Check the Tail Dog Wags Can Mean Friend or Foe


by Dr. Becker

how to understand your dog's behavior

Notice how Bo meets his new friend "Darwin" for the first time, they may be reading each other's tails to better understand "Friend or Foe."

New research suggests dogs send messages to each other through tail wags.

According to a study published in a recent issue of Current Biology, the direction of a wag is quite significant. What looks like just another friendly wag to you or me is actually communicating important information to other dogs.

As it turns out, when dogs are feeling stressed they tend to wag their tails to the left. The reason for this, according to the study's lead author, Giorgio Vallortigara of the University of Trento in Italy, is that tail wagging is a reflection of what's going on in a dog's brain. Activation of the left-brain causes the tail to wag to the right, and activation of the right-brain produces a wag to the left.

In an earlier study, Vallortigara and his team demonstrated that dogs wag to the right side when they encounter something pleasant (like their owners). When they see something threatening, for example, a strange dog exhibiting dominant behaviors, they wag more to the left side. Those study results raised the question of whether dogs notice another dog's tail wagging and use the information to decide whether the dog with the wagging tail is friend or foe.

For the most recent study, Vallortigara and his team used videos of a dog or dog silhouette wagging its tail mostly to one side or the other, or not wagging at all. The only thing moving in the wagging videos was the tail.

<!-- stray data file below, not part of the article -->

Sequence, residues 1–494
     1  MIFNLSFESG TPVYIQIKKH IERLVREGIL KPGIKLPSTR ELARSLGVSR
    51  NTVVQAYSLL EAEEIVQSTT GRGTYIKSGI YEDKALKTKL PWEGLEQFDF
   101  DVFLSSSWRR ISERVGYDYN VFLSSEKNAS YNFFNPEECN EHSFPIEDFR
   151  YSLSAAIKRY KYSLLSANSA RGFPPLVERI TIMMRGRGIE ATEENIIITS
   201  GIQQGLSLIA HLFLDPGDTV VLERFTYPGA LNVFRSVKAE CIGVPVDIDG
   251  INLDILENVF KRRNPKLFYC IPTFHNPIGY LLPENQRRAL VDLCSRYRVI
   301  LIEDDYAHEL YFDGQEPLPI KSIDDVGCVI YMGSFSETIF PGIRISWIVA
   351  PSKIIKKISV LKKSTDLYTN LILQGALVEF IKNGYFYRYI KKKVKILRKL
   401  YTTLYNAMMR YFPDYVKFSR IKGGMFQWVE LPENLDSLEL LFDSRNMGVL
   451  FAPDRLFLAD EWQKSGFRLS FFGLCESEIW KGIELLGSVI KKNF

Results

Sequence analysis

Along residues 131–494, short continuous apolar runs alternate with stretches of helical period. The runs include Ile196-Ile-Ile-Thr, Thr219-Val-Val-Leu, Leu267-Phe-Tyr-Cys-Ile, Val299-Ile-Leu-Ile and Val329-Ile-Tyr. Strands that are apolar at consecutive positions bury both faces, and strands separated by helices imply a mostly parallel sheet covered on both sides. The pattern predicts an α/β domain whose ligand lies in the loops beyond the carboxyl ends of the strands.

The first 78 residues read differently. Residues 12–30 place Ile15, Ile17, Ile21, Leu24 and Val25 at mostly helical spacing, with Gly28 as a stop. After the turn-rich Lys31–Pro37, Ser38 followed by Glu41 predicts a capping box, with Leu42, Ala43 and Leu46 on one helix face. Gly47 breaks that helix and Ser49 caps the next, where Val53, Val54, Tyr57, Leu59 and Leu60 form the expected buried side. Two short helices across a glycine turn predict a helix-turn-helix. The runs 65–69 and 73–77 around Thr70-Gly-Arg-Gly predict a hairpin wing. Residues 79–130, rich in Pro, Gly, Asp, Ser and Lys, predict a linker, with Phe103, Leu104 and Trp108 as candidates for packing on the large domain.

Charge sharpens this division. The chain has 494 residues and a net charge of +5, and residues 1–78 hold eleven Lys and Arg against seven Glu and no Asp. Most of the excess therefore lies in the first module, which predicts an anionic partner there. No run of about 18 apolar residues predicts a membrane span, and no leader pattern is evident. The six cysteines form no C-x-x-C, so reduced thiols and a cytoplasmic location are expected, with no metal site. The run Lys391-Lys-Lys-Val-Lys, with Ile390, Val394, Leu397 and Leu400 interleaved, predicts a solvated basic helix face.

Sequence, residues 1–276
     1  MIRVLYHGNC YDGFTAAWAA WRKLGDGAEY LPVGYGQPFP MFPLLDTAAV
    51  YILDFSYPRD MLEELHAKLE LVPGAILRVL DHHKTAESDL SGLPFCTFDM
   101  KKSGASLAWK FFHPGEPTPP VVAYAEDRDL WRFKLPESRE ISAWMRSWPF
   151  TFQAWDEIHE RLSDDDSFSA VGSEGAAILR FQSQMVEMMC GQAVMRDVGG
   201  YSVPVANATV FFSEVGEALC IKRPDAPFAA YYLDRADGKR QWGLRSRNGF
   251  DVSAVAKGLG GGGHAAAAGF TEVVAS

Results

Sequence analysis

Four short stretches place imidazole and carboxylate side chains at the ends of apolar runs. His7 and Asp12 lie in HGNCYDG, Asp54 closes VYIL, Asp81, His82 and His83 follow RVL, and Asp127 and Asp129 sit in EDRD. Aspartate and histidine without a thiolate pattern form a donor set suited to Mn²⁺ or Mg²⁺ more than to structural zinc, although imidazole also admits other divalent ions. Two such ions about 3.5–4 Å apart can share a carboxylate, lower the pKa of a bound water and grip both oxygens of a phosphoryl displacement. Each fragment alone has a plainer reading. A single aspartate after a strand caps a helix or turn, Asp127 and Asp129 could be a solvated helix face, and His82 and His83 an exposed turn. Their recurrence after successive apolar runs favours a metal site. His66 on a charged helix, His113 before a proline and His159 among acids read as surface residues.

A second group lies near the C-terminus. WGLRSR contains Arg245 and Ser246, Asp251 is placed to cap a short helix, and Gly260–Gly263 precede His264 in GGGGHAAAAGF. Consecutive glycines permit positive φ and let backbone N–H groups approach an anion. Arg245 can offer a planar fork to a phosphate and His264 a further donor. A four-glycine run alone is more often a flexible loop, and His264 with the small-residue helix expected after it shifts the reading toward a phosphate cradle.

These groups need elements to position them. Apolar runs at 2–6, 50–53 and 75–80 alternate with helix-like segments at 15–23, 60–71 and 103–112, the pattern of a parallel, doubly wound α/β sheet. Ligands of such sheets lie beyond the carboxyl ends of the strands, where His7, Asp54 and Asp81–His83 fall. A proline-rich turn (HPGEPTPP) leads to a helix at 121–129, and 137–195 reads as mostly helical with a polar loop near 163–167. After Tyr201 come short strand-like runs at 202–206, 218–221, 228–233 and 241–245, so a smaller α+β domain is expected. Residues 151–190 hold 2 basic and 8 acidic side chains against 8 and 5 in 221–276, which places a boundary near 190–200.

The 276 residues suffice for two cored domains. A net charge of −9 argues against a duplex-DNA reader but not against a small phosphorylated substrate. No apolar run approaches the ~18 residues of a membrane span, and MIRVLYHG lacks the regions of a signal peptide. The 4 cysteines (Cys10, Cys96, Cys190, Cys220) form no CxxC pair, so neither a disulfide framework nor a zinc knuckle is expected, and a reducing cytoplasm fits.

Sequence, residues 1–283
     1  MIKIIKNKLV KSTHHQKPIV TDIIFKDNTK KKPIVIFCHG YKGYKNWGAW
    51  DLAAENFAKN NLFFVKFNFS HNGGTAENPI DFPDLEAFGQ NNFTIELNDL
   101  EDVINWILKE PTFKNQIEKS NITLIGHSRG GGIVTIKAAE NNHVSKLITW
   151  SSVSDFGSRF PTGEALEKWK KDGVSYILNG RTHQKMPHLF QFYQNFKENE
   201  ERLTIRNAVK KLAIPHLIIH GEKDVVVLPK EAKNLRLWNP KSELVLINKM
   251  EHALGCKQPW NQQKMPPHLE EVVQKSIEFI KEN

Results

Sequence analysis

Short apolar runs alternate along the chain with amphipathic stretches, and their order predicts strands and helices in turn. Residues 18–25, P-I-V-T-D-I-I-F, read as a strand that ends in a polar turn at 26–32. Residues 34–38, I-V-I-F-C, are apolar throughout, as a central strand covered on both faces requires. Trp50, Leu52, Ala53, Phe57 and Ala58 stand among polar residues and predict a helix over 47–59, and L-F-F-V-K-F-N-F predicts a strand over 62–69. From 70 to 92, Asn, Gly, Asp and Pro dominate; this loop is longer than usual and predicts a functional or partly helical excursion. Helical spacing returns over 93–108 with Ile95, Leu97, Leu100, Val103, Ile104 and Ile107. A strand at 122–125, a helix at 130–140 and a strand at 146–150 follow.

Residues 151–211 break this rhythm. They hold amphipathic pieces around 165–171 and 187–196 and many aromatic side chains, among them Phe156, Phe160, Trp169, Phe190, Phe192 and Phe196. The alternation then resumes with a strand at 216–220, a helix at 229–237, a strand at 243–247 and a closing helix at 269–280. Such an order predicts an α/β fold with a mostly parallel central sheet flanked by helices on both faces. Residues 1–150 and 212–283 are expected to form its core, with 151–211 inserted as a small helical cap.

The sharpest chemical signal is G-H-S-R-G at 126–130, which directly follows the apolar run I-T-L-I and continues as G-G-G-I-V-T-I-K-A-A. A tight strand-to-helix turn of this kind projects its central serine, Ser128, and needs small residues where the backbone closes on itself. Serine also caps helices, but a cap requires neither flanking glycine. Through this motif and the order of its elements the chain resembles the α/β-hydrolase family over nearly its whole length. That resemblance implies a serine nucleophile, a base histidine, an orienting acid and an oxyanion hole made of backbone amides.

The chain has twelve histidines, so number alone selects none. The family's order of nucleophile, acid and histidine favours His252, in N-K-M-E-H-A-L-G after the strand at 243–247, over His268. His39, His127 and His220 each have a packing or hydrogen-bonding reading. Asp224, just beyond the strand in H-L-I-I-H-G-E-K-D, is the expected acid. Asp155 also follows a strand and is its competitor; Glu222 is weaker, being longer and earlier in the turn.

The video was shown to 43 dogs, including mixed breeds, Rottweilers, Beagles, Boxers, Border Collies, and German Shepherds, who were equipped with heart rate monitors. When the video dog wagged primarily to its left, indicating a negative response, the dogs in the study tended to have faster heartbeats than when the video dog wagged to the right or not at all. The dogs' response also suggested a higher degree of stress.

Left-brain activity in dogs resulting in tail wagging to the right means they are having a positive response that invites another dog to approach. Right-brain activation suggests a negative withdrawal response.



The study concluded that dogs who see another dog wagging to the left experience anxiety and elevated heart rates, whereas dogs who see another dog wagging to the right remain relaxed.

The researchers don't believe the dogs are intentionally sending signals with their tails, but rather the tail wagging is a consequence of the inner workings of the canine brain. Tail-wagging behavior results from the way in which different emotional signals activate different parts of a dog's brain.

"These results suggest that dogs have perceptual and attentional asymmetries," says Vallortigara. "So for example, if you are going to visit a dog, if you are vet, there will be probably a side which is better with respect to the probability to evoke a more friendship response or to evoke a more aggressive response."

 

ABOUT THE AUTHOR

by Marcello Siniscalchi, Rita Lusito, Giorgio Vallortigara, Angelo Quaranta.
Published in Current Biology, Volume 23, Issue 22, 2279-2282, 31 October 2013 http://www.cell.com/current-biology/abstract/S0960-9822%2813%2901143-3




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